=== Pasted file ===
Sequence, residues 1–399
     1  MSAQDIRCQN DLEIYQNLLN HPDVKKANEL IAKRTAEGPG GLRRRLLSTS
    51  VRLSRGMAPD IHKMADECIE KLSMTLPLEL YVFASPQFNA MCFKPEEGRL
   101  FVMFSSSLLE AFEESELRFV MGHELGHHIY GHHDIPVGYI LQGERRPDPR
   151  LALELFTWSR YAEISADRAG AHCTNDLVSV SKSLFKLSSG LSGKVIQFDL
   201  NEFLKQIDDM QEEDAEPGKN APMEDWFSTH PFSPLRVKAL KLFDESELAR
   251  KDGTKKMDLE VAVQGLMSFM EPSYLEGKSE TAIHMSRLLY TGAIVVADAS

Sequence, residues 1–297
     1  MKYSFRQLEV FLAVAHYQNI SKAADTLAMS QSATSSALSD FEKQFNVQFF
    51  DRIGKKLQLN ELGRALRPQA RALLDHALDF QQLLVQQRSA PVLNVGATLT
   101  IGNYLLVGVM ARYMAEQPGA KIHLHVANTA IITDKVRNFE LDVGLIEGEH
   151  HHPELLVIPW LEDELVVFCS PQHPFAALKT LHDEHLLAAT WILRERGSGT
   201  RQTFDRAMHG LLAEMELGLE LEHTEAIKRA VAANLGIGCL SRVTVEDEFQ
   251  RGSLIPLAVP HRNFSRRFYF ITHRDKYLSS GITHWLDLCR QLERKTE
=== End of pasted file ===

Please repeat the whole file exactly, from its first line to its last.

Sequence, residues 1–399
     1  MSAQDIRCQN DLEIYQNLLN HPDVKKANEL IAKRTAEGPG GLRRRLLSTS
    51  VRLSRGMAPD IHKMADECIE KLSMTLPLEL YVFASPQFNA MCFKPEEGRL
   101  FVMFSSSLLE AFEESELRFV MGHELGHHIY GHHDIPVGYI LQGERRPDPR
   151  LALELFTWSR YAEISADRAG AHCTNDLVSV SKSLFKLSSG LSGKVIQFDL
   201  NEFLKQIDDM QEEDAEPGKN APMEDWFSTH PFSPLRVKAL KLFDESELAR
   251  KDGTKKMDLE VAVQGLMSFM EPSYLEGKSE TAIHMSRLLY TGAIVVADAS

Sequence, residues 1–297
     1  MKYSFRQLEV FLAVAHYQNI SKAADTLAMS QSATSSALSD FEKQFNVQFF
    51  DRIGKKLQLN ELGRALRPQA RALLDHALDF QQLLVQQRSA PVLNVGATLT
   101  IGNYLLVGVM ARYMAEQPGA KIHLHVANTA IITDKVRNFE LDVGLIEGEH
   151  HHPELLVIPW LEDELVVFCS PQHPFAALKT LHDEHLLAAT WILRERGSGT
   201  RQTFDRAMHG LLAEMELGLE LEHTEAIKRA VAANLGIGCL SRVTVEDEFQ
   251  RGSLIPLAVP HRNFSRRFYF ITHRDKYLSS GITHWLDLCR QLERKTE